The OED suggests it is an alternative name for a HEAD STALL made of LEATHER. There is some difficulty with this. One entry in the Dictionary Archive contains both a head collar and head stalls as well as a HEAD [Inventories (1769)]. Wright suggests the head collar had a particular function being a HALTER or BRIDLE used in the stable to fasten the HORSE to the MANGER [Wright (1898-1905)]. Whether it was made of leather or not seems irrelevant.
Any DRESS or covering for the head, especially an ornamental attire worn by WOMEN, applied in the early-eighteenth century (and at other times) to a HAT, BONNET, etc., or any material added to the growing hair for decoration [Cox (1966, pb 1969)]. Although noted elsewhere to have been applied to a WIG, this use of the term has not been noted in the Dictionary Archive. The term was sometimes abbreviated to HEAD.
This is a term not found in any of the dictionaries, and the only example in the Dictionary Archive gives no helpful context [Inventories (1701)]. It was possibly human HAIR ready to be sold on to a WIG maker.
The OED defines it as a KNIFE used by whalers to cut off the head of a whale. This is clearly not the type of head knife found in the Dictionary Archive. The context of the only example suggests that it was not the same as a HEADING KNIFE as found in the Dictionary Archive among the TOOLs of COOPERY, but was one of the 'Tools used by Sadlers, Harness Makers and Bridle Makers' [Acts (1786)]. The act made it it one of the tools that it was legal to export. However, Salaman suggests that the head knife of the saddler was otherwise known as a 'Heading knife'. He describes it as a small KNIFE with a curved blade ending in a hook at either one or both ends. They were used for light and short cuts, or for cutting holes for the tongue of a BUCKLE [Salaman (1986)].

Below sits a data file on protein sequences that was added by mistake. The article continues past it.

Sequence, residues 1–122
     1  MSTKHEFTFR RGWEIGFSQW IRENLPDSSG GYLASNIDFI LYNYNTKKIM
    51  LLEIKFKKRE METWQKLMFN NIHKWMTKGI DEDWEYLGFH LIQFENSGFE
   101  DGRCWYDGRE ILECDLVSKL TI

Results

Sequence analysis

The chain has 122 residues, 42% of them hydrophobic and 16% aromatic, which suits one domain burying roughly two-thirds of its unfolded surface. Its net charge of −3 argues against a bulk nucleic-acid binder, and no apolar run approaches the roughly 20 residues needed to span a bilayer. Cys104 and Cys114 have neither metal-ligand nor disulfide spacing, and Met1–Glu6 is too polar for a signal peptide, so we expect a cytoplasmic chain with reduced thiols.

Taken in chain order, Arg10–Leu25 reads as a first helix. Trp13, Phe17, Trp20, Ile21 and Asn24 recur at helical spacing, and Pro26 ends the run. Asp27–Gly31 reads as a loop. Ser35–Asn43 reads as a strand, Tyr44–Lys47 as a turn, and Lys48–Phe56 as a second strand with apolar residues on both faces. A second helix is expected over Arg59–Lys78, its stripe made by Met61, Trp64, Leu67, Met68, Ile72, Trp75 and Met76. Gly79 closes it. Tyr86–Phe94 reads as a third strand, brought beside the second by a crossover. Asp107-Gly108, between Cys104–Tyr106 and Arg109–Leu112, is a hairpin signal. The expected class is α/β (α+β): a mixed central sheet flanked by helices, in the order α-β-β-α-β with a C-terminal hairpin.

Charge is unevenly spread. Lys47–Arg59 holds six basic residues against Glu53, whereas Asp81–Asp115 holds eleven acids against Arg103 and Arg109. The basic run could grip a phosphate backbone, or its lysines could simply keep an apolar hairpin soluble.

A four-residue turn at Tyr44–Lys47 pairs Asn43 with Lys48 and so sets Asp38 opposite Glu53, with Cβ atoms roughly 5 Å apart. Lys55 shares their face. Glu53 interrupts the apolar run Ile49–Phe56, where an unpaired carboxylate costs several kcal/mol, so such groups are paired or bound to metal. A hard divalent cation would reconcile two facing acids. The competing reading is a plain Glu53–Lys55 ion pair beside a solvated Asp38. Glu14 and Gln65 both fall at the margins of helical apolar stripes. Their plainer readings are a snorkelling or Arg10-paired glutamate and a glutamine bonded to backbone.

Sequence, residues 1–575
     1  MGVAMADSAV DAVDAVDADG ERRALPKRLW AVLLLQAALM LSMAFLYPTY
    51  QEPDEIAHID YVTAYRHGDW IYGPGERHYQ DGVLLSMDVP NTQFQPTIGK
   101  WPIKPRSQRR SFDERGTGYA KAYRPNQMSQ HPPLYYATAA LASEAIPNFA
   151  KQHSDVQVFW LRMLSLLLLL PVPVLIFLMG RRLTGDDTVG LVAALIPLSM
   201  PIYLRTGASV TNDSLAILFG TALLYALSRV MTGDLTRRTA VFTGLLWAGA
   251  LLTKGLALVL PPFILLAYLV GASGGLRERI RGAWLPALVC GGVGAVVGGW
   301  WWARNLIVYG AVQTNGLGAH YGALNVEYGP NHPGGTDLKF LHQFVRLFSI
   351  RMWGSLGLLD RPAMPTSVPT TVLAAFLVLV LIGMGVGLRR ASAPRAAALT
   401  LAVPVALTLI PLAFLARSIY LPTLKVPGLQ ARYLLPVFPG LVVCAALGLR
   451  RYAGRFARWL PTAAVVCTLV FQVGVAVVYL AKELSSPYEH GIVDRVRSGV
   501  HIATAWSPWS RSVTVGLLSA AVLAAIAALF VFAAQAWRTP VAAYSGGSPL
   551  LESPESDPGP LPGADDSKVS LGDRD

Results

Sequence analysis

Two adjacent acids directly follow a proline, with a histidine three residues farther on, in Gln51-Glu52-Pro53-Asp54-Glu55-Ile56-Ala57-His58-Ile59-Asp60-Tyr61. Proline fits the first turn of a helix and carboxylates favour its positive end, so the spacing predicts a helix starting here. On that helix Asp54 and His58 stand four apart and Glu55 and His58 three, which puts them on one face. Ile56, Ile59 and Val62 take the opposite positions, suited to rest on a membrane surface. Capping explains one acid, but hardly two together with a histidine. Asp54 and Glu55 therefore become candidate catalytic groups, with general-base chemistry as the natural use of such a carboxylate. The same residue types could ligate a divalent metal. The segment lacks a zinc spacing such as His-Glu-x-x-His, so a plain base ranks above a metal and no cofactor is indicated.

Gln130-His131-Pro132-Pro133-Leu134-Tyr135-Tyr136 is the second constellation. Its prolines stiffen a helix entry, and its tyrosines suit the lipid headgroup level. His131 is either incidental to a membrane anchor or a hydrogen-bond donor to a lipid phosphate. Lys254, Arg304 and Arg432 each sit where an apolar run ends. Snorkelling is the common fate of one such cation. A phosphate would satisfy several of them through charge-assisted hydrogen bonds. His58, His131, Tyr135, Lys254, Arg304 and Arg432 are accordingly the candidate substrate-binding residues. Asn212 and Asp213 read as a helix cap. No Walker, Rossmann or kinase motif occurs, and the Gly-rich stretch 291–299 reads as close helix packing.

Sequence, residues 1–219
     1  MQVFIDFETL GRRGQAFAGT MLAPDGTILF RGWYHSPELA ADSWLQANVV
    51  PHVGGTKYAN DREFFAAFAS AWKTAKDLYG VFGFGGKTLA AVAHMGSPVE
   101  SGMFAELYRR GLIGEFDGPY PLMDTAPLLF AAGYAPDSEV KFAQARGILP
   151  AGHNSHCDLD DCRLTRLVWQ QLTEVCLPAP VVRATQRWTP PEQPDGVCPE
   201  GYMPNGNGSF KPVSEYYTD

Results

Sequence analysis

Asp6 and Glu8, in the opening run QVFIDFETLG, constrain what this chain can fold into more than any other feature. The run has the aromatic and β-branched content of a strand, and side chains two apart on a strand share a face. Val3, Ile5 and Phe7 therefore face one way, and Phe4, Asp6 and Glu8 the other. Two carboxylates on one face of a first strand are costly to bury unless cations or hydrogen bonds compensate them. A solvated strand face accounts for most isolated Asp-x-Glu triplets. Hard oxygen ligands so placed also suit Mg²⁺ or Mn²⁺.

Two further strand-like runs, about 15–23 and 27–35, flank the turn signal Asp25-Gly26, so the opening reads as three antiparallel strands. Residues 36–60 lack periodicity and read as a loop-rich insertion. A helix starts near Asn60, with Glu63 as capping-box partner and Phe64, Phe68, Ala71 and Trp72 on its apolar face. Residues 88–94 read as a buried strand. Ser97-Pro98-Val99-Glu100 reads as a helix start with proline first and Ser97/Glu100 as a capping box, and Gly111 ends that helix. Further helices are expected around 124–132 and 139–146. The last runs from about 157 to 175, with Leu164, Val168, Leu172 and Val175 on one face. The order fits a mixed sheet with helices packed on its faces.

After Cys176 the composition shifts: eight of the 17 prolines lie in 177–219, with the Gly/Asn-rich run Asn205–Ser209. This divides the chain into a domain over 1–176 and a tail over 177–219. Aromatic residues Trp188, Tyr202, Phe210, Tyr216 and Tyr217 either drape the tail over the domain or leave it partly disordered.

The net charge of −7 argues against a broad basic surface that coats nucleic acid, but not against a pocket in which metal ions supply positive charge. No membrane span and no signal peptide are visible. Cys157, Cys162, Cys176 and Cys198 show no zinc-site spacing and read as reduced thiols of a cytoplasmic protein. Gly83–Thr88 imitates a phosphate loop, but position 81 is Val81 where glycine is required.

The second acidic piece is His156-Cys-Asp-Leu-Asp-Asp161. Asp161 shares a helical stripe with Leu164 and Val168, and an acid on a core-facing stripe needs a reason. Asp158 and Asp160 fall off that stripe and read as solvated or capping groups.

The term is not found in the dictionaries in this sense, and only once in the Dictionary Archive. Here it appeared close to 'Lettice line', which was also measured by the STONE and was valued at slightly more, and 'Pound line' [Inventories (1734)]. HEAD was a unit of measure for imported FLAX. Head line was probably therefore flax (otherwise called LINE) measured in units of the HEAD.
Although the context of the example in the Dictionary Archive militates against it in the only example noted, head line did have an alternative meaning. That is, it was one of the short pieces of CORDAGE used to attach the sail to the YARD.